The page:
7. Aircraft Review: VSKYLABS Skyscenders 76 for X-Plane 12 By Sean McLeod Introduction Picture a person going on a journey beyond sight and sound, entering the realm of possibilities beyond their imagination. Now available to them are crafts that have previously existed only in their fantasies. How can this be? Where have they come from? Who created these vehicles? What is their purpose? Have they traveled from another dimension, another time? Certainly, they're from the future; could they be of an ancient civilization? Some of these questions are answered by reading the provided documentation; the rest of the information remains a mystery. You'll have to discover and experience for yourself these fantastic craft brought to the X-Plane community by the team at VSkylabs (VSL). For anyone who hasn't yet partaken of the many X-Plane aircraft models offered by VSL, what have you been doing all this time? You're missing out on experiencing some of the finest aircraft models available for X-Plane. The highest quality textures and the most complete Fmod sounds can be found in all VSL aircraft models, and the Skyscenders really reaffirm that reputation. If you think the Skyscenders 76 package could be your first VSL purchase, I hope you enjoy my PIREP. This trio comes with some documentation that is brief but essential reading for you to get the best experience from using the craft; you won't get far without reading the included instructions at least once. VSL has created an entertaining backstory for the craft and their pilots, drawing you in and engaging your imagination. The cockpits of all three craft are laid out nearly identically, making it very easy for you to transition between them without becoming disoriented when swapping from one to another. The crafts' systems are almost entirely automated, having been tuned with care and attention. This attention to detail creates an intuitive experience for the pilot. For all my flying of these craft, I've been using a VKBsim Gladiator NXT controller, equipped with a twist axis for yaw control. The X-Plane Joystick Control Sensitivity settings are set to "Fully linear inputs." While I imagine I could refine the X-Plane settings to achieve a better level of control input, I've opted to keep them fully linear for the purpose of this PIREP to maintain consistency across the three craft. Haboob-X The first craft and pilot I'll introduce is the Haboob-X, helmed by Echo, who's an android! The Haboob-X is designed for low-altitude exploration. "Haboob" might seem like a funny word, but its origin is rooted in the meteorological community, named for a specific type of dust storm. Here's a description from Wikipedia: "A haboob is a type of intense dust storm carried on an atmospheric gravity current, also known as a weather front. Haboobs occur regularly in dry land area regions throughout the world." The craft is a twin-turboprop VTOL with a wide performance range, allowing you to hover as well as zip along at mid-high subsonic speed. You can even taxi the craft on the ground, thanks to its wheeled landing gear. In terms of in-flight configuration, the only speed limitation you need to remember is 150 knots. Below this speed, you must transition to VTOL mode, as per the VSL manual; everything else just happens automatically. When you extend or retract the gear, the engine nacelles rotate to the pre-programmed position. Haboob-X Pilot Notes Flying the Haboob-X is relatively straightforward, especially if you've had experience with tilt-rotorcraft in X-Plane. This ease of flight is further enhanced by the finely tuned automation and synchronization present in the flight model. During my examination of the Haboob-X's flight characteristics, I enjoyed the simplicity with which one can transition between vertical and horizontal flight modes. This can be done at nearly any airspeed. I've taken off vertically, and with just a minimal forward velocity, I've pressed the gear button to switch to horizontal flight mode. Likewise, I've flown at maximum speed in horizontal mode and hit the gear down button to transition to VTOL mode. What I found most critical and effective in this flight profile was focusing on the flight-path vector (FPV) displayed on the head-up display (HUD). By carefully monitoring this in conjunction with the vertical speed HUD carat and the digital readout in VTOL mode, I was able to maintain a safe altitude during the transitions between flight modes. Machbully The next craft on our list is the Machbully, under the command of Captain Lauren. Its name is fitting, as it employs powerful jet engines to essentially "bully" its way into the air, challenging the very principles of fluid dynamics! Designed for terrain and weather exploration, the Machbully is powered by four thrust-vectoring afterburning jet engines, allowing it to reach a top speed of Mach 1.3. However, the afterburners are restricted to horizontal flight mode only. Unlike other aircraft, this craft comes with landing skids instead of wheels, making taxiing on the ground an impossibility. Machbully Pilot Notes The Machbully is all about thrust. This powerful beast remains airborne solely through thrust, with the fly-by-wire flight control computer constantly making adjustments to the angle of the engine nacelles to steer the craft based on the pilot’s inputs. Compared to the Haboob-X, I've found the Machbully to be twitchier and more sensitive, especially when maneuvering at slower airspeeds. It's likely that adjusting the X-Plane control sensitivity to flatten the center of the control curve could mitigate this. The instructions also note that the pilot needs to maintain thrust input to keep the turn rate at slow airspeeds. In my exploration of this handling characteristic, I found it possible to attain extreme maneuverability. By entering a turn in horizontal flight mode, then reducing thrust to bleed off airspeed and re-applying thrust at the desired range, I was able to increase the turn rate to a certain extent. This approach seems to give me the ability to reverse or change direction with a smaller turn radius. In contrast, the turn radius at higher speeds is significantly larger compared to the Haboob-X. Spherescram Meet the titan that is the Spherescram, guided by the intrepid Major Ryan. This craft is a hyper-sonic sub-orbital marvel, powered by SCRAM jets and a solid-fuel rocket. Flying the Spherescram is a challenge that will truly test your skills and adherence to specific parameters. If not handled correctly, it can literally crash the X-Plane simulator. You read that right — the Spherescram pushes the software to its very limits. Carefully read the manual, and heed my experience as you come to grips with this wild machine. The Spherescram launches vertically, so it requires a FLAT launch pad. If the craft keeps teetering over when you load it in X-Plane, it's not because the craft is broken; it's likely the chosen launch site isn't flat enough. Weather conditions matter as well. If the wind at the launch site is too strong, even a flat surface won't prevent the craft from tipping over. Spherescram Pilot Notes This is where things take a wild turn. The Spherescram is an experimental aircraft in every sense of the word. VSL has included several disclaimers and warnings, penned in RED text, regarding the operation of this craft, and they're not there just for show. I assure you; these cautions are not meant to discourage you but rather to guide you in mastering this challenging craft. It's crucial to follow the flight profile outlined in the provided flight manual PDF. In my experience, I've made many launches and only a few successful landings. It may be a rocky road, but it's incredibly satisfying to align this bird with its flight profile without crashing it or the simulator. Laugh all you want, but heed this: if I don't precisely follow this part of the flight profile - climbing out at 25 degrees until booster shutoff - I tend to crash the simulator. I’ve found that I’m most successful when following the described profile until I’m about to climb past 100,000 feet. Approaching this altitude, I push the nose over to approximately -10 degrees pitch down. This action arrests the vertical speed and brings the craft’s Alpha (angle of attack) to around zero. I've discovered this approach helps prevent crashing the simulator, which tends to happen if you're climbing above 180,000 feet with velocities exceeding Mach 9. In one recent flight, I reached Mach 10 at around 120,000 feet! I still haven't mastered a successful landing, but I won't stop trying. My goal is to nail the landing without creating a smoking hole in the ocean - or the ground! Closing Comments The Skyscenders 76 suite of craft presents a truly unique experience for X-Plane pilots. Beyond attempting to master the flight characteristics, the sounds you will hear while piloting these craft greatly expand your Skyscenders experience. Whether it's the sound of the pilot breathing through different phases of maneuvering or the 'hook' sound as you load up the G-forces in high-speed turns, the audio aspect is captivating. The variety of alert tones are vital for staying connected to the craft's state in all phases of flight. Particularly when guiding the Spherescram above 100,000 feet, you'll encounter a range of sounds that transport your imagination directly into the realm of science fiction! VSkylabs has created a truly unique suite of craft for the X-Plane community, and I am certain that the Skyscenders will remain on my go-to list of X-Plane aircraft. My sincere thanks to VSkylabs! _______________________________ The VSKYLABS Skyscenders 76 for X-Plane 12 is available from the X-Plane.Org Store here: VSKYLABS Skyscenders 76 for X-Plane 12 Priced at US$30.00 VSKYLABS Skyscenders 76' features: 3 aircraft included (Turbine-VTOL, Jet-VTOL, Hypersonic spacecraft). Highly capable aircraft designed specifically for X-Plane 12 scenery and weather exploration. Ultimate fun, provides hours of challenges for novice and expert pilots! Automated systems. Designed for VR (optimized for 2-d). FMOD 2.0 sounds. Projects under constant development - updates are free. Requirements X-Plane 12 Windows, Mac or Linux 8GB VRAM Minimum Current Version : 1.0 (June 29th 2023) Download Size: 840MB total - 3 download links Review by Sean McLeod 11th August 2023 Copyright©2023: X-Plane Reviews About the author: Sean McLeod is a career airline pilot with over twenty years of experience and an X-Plane enthusiast. Review System Specifications Computer System: Windows 11 Home, Intel Core i7 12800H 4.80GHz CPU, 32.0GB 4800MHz DDR5 RAM, 1 TB M.2 NVMe PCIe 4.0 SSD, NVIDIA GeForce RTX 3080 Ti 16GB GDDR6 VRAM Controllers: VKB Sim Gladiator NXT controller, Razer Orochi V2 wireless mouse Software: - Windows 11 Home, X-Plane 12.04r3 at maximum graphics settings Plugins: AviTab, Skunkcrafts Updater Scenery: Simheaven X-World (Disclaimer. All images and text in this review are the work and property of X-PlaneReviews, no sharing or copy of the content is allowed without consent from the author as per copyright conditions) All Rights Reserved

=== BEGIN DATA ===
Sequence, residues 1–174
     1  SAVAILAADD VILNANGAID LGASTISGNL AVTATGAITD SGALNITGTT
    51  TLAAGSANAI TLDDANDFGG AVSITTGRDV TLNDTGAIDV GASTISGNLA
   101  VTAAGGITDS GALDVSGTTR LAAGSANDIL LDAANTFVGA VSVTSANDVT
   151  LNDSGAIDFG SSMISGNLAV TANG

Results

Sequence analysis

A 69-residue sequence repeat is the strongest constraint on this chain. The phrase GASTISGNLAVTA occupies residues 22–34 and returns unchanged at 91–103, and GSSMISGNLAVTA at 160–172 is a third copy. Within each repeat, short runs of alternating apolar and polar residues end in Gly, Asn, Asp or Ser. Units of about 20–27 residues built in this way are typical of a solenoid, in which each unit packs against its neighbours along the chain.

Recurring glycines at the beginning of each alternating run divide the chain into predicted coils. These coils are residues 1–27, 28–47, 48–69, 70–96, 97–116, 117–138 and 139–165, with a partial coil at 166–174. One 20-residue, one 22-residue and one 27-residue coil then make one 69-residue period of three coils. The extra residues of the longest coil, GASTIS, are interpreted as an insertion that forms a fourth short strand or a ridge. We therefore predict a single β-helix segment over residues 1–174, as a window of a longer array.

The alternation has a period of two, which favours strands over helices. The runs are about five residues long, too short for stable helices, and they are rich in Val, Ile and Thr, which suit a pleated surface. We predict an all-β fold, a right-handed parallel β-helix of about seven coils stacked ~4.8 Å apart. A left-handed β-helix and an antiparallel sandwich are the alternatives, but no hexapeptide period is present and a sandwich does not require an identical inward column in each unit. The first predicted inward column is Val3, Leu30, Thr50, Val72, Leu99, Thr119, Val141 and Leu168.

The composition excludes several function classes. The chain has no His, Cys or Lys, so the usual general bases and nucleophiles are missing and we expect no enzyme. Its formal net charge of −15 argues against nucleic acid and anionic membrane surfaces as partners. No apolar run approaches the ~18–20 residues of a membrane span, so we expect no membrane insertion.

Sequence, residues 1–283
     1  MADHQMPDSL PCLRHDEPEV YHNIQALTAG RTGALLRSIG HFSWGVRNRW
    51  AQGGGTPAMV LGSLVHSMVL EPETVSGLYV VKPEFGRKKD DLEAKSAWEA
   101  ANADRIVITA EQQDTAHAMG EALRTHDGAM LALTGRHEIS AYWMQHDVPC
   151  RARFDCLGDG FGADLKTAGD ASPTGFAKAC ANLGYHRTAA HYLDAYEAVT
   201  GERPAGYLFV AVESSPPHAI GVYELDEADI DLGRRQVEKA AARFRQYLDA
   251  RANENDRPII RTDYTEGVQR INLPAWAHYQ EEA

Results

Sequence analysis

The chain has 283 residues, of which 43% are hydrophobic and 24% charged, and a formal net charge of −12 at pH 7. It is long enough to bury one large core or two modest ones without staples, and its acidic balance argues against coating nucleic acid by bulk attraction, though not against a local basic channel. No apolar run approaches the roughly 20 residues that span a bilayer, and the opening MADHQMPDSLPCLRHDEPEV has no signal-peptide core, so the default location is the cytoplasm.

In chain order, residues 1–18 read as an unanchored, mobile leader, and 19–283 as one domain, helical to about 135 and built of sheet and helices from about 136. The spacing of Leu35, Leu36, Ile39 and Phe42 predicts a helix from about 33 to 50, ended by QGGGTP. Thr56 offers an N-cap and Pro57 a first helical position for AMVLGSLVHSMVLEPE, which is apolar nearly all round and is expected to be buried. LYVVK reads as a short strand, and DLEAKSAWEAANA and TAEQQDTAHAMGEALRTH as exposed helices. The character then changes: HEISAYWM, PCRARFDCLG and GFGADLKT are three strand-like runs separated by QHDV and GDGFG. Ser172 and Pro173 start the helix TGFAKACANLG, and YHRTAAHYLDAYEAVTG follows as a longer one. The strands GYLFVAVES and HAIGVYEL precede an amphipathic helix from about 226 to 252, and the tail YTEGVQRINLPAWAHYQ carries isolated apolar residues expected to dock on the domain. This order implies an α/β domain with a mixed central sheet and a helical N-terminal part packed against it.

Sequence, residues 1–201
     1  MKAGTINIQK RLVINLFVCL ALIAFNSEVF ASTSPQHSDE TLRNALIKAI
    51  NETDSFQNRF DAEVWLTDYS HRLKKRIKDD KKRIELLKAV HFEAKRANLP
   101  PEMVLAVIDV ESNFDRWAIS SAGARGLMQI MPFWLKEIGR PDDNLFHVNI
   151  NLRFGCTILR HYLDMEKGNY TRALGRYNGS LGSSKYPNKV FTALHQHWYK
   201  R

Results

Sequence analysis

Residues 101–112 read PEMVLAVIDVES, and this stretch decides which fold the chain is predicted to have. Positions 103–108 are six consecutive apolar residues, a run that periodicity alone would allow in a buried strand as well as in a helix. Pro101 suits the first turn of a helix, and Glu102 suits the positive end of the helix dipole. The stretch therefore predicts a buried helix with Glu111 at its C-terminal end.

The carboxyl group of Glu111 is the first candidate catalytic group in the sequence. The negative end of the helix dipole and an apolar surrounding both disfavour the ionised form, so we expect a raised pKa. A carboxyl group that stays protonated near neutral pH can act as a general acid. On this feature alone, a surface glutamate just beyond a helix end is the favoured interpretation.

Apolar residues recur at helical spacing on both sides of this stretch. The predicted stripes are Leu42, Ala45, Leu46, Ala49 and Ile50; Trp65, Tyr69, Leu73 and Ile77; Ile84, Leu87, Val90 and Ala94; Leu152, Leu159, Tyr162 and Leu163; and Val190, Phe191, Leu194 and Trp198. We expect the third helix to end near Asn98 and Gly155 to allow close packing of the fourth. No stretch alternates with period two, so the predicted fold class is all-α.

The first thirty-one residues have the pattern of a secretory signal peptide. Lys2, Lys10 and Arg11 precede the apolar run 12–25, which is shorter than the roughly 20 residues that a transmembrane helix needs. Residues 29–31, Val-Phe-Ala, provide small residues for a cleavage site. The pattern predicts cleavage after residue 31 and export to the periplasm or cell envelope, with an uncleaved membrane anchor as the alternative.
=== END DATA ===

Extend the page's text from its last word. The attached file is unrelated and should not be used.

8. Aircraft Review: AirfoilLabs King Air 350 for X-Plane 12 By Joshua Moore Introduction The Beechcraft King Air series could well be one of the most recognizable turboprops worldwide, thanks to its multi-purpose role in aviation. The series boasts of a diverse clientele including private owners, corporations, medical and cargo services, charters, and military organizations. Since its initial production in 1964, the King Air series, along with its smaller piston sibling, the Queen Air, rapidly gained market dominance. Produced in various models through to the present day, it has an impressive tally of over 3,100 units. The Airfoillabs King Air 350, from my research, appears to closely resemble a late 1990s model 350. This X-Plane 12 rendition, while featuring enhancements and improvements over the previous variant, lacks the Collins Proline or Fusion panel and instead features a basic panel setup with an ADI, HSI, storm scope, and a Laminar FMC to manage the flight plan and autopilot. It's worth noting that this is an updated version of the aircraft which was previously reviewed by Stephen for X-Plane 11. Despite the advancements in this latest model, Stephen's review remains an invaluable resource due to its comprehensive nature. First Impressions Installation is straightforward and employs the Airfoillabs manager to install the aircraft into X-Plane. On first loading into the sim, I was pleased to find a broad selection of liveries. Many of these are air ambulance companies, military, and four variants of the Wheels Up livery. A quick online search revealed additional repaints covering private aircraft and more corporate styles, but this add-on's options are relatively scarce. Loading the aircraft into X-Plane revealed a stunning, cold, and dark cockpit that appears quite excellently made, likely enhanced by X-Plane 12’s remarkable lighting engine. The interior texturing, modelling, and overall ambience are quite well executed, conveying a sense of a well-maintained, frequently used aircraft. The exterior shares the same quality as the interior, creating an aesthetically pleasing model. The X-Plane menu offers two different King Air options - the default, and another version equipped with GTN530s, the variant you should select if you wish to use the GTN750s from RealityXP. Exterior The exterior of Airfoillabs' King Air stands out due to its attention to detail. The fuselage, dotted with numerous rivets and panels, is commendably realistic. While the existing high-resolution texturing is impressive, there's still scope for further enhancement, particularly in the rendering of finer details. Further immersion is added by the well-implemented sound effects accompanying actions such as opening and closing panels and compartments, as well as handling tiedowns and covers. These audible cues contribute significantly to the simulation's overall realism. Taking a closer look, the landing gear design demonstrates an intricate level of detail that extends to less noticed aspects of the aircraft. Interestingly, the nose gear design mirrors that of the Beechcraft Bonanza, a familiar touch for those acquainted with the Beechcraft range. Interior The King Air's interior is where this model genuinely begins to distinguish itself for me. Both the modelling and texturing are of high quality, and it carries the feeling of a classic ninety's aircraft. Starting from the rear and progressing forward, the entry door features an expected click spot to open. The two partition doors, one between the cargo area and the other further forward separating the cockpit are both animated and movable. All four table sections come with animated tables and pop-out video screens, which unfortunately display nothing. All the textures include PBR which provides a pleasing effect when viewed from certain angles. In my opinion, the cockpit is the highlight of the King Air, as its design really appeals to me, even though it has the unconventional layout typical of Beechcraft. Some early Bonanzas had oddly placed light switches and circuit breakers, requiring some “Twister” like moves to view them on the underside of the panel. Thankfully, these issues were addressed with the F model, which provided a more organized panel. This appears to be the case with our King Air, so it’s somewhat of a win-win. But I'm straying off-topic now, so I'll save the rest for the next section. Still, I have to say that the texturing of all these switches, panels, gauges, etc., is well executed. The cockpit truly gives off the robust feel that you experience when flying a Beechcraft, especially when you glance at the instruments and see the Beechcraft logo on the backplates. Close-up, some interior panels exhibit slightly lower resolution, but from a foot or so, they look just fine. Overall, I truly adore the King Air's cockpit, or at least its aesthetics, as we'll discuss avionics next. Avionics In the realm of avionics, general aviation (GA) aircraft aren't renowned for their ideal panel layouts, with many cockpits featuring a mix-and-match of avionics from various eras. That's unless their owners decide to splurge $45,000 from their accounts to invest in a complete glass panel overhaul. Having flown with custom full-glass panels, I can understand how tempting this might be. Yet, I also appreciate a balanced mix of glass and traditional steam gauges in GA, since it's easier to perceive trends in dials compared to digital numbers. In this respect, the King Air suits me quite well. Now, while I find the King Air's blend of avionics suitable for my preferences, this doesn't mean the aircraft doesn't come without its challenges, particularly in terms of ergonomics and limitations of flight simulators. The location of the HSI and autopilot, and the lower pedestal, make hand-flying and programming a challenge, especially for those of us who despise using 2D pop-ups, though this isn't Airfoillabs' fault. On the bright side, the autopilot performed well during my tests, responding effectively to commands from all three GPS units. Despite its initial clumsiness due to the spread-out nature of the panels, you'll adapt quickly enough. Manual & Handbook A notable addition that eases the steep learning curve of the King Air is the presence of a comprehensive manual. Unlike many add-ons, the King Air 350, a study-level aircraft designed to replicate every aspect of the Beechcraft turboprop, comes with a detailed 64-page PDF manual, available for download from the Org. This invaluable resource is exceptionally clear and helpful, packed with diagrams and illustrations to aid both seasoned and novice pilots in mastering the King Air 350. Complementing this manual, the aircraft offers an in-cockpit handbook, providing quick access to essential information during your flights. You can access this handy reference either by tapping the book located in the pilot's left pouch or by pressing the logo situated at the bottom right of the screen. This interactive handbook comprises four primary sections: 'General', 'Limits', 'Normal', and 'Performance', plus an 'Options' page for additional adjustments. The combination of the comprehensive manual and the in-cockpit handbook equips pilots with the knowledge they need to fully utilize and appreciate the King Air 350's advanced capabilities. Cockpit Lighting One of the standout features in the King Air that deserves special mention is the immersive and meticulously detailed cockpit lighting. A range of dials and knobs are at your disposal for controlling the intensity of light for the multitude of gauges and switches in the cockpit, adding a degree of customization to the lighting ambiance. Similar lighting control extends to the passenger compartment, ensuring a unified and consistent lighting environment throughout the aircraft. The result is a meticulously replicated cockpit environment that radiates a genuine and atmospheric charm. A notable feature unique to the X-Plane 12 variant of the King Air is the highly detailed windshield effects. By integrating an impressive representation of rain, ice, and wiper effects on the windshield, Airfoillabs have managed to add an extra layer of immersion to the overall flight experience. This attention to detail particularly shines when you find yourself navigating through adverse weather conditions, enhancing the realism and the pleasure of piloting the King Air. Flight Characteristics The taxi phase in the King Air might present some challenges. Achieving the Ground Fine position for the thrust levers is elusive, which makes taxiing more of a task than it should be. Add to that, the sensitive cutoff region for the mixture control which can inadvertently kill the engine if not cautiously handled. Despite these initial challenges, once the King Air is airborne, it comes into its own. The takeoff phase is a showcase of the aircraft's well-modelled flight dynamics. With its weight, acceleration, and low-speed control responding appropriately, the King Air provides a genuine sense of realism as you lift off the tarmac. Upon reaching the cruising altitude, the King Air continues to impress. It exhibits smooth and predictable responses during turns and changes in speed. The robustness of this twin-engine turboprop is well represented in this phase, providing an authentic handling experience characteristic of Beechcraft designs. The landing phase, while demanding precision due to brake sensitivity, still allows the King Air to shine. Landing presents the opportunity to exploit the aircraft's versatility, particularly when approaching smaller airports typically inaccessible to light jets. Despite the challenges presented in handling, the King Air remains a pleasure to fly. The well-modelled flight dynamics and the distinct feel of the aircraft enrich the landing experience, rounding off a fulfilling journey from taxi to touchdown. Conclusion The Airfoillabs King Air 350 serves a specific niche within the X-Plane community. It's well-suited for simmers seeking a variety of real-world mission types that help bring an additional sense of purpose to the simming environment. The King Air 350 is a complex aircraft, requiring significant time and patience to master, and as such, it's not an aircraft you can simply hop into and expect to fly flawlessly. The King Air boasts impressive systems depth, options, potential for malfunctions, and a need for ongoing maintenance to stay in prime condition. I thoroughly enjoy taking it on leisurely flights to General Aviation airports that cannot accommodate jet aircraft, and I truly believe it has a distinct place in X-Plane and is worth the investment, providing a high-quality and versatile flying experience. While it may not be as exotic as the Piaggio or as fast as the Challenger 600 or Phenom 300, the King Air 350 offers an experience that invites you to slow down while still offering a challenge. It also enables you to cover substantial distances in relatively short timeframes. I'm delighted to have the King Air 350 in my hangar, and I look forward to continuing to fly and enjoy this exceptional aircraft! ________________________ The King Air 350 by Airfoillabs for X-Plane 12 is now available from the X-Plane.Org Store here: King Air 350 Priced at US$49.95 X-Plane 12 - New Features! Introducing the ultimate software overhaul for an unparalleled flight experience! Our latest update brings a suite of exciting enhancements, fixes, and features that will take your simulation to new heights: New Custom Failures Logic Flight Model Rebuild from Scratch New Engine Logic and Performance 3D Model and Texturing Enhancements Windshield Rain, Ice, and Wipers Anti-Ice System Redesign New Governors, Prop Pitch, and Feathering Logic FMOD Sound Updates and New Features Enhanced Cam Implemented Pressurization System Fix + Explosive Depressurization Failure Automated Checklists Fixes For Every Simmer? Yes. It is a STUDY SIM level aircraft. But you don’t have to be intimidated by the complexity of the systems - You are always just one click from the sky. If you are a deep learner and enthusiast, you can plunge yourself and study complicated systems in detail. All this is possible down to our super-friendly interface logic. Stopping the aircraft, starting the engines, was never easier. But if you like a specific state of the aircraft, you can choose, for example, the Before Taxi state or Save and Load your own state. PBR 3D Model Extraordinary Ultra HD details both in interior and exterior. Every rivet, every sign, every screw, every light, and every instrument inside and outside is modeled to the highest fidelity. And photorealistic engines. Ultra-realistic cockpit details, glasses, dirt, scratches. Ice on wings, windows, rain effects, wipers, and more. High Optimization Method - to save performance, all details were designed in separate overlay objects to enhance 3D detail and economize on texture size. Eighteen amazing, hand-painted Liveries with an artistic touch. All liveries are based on real paint schemes. Requirements X-Plane 12 (not compatible with X-Plane 11) Windows, Mac Intel, Mac Silicon, or Linux 4 GB VRAM Minimum - 8 GB+ VRAM Recommended Current version: 1.6 Beta (April 13th, 2023) Review System Specifications Windows 11 Ryzen 5800x RTX 3070Ti 32GB RAM __________________________________ Aircraft Review by Joshua Moore 31st July 2023 Copyright©2023: X-Plane Reviews (Disclaimer. All images and text in this review are the work and property of X-PlaneReviews, no sharing or copy of the content is allowed without consent from the author as per copyright conditions.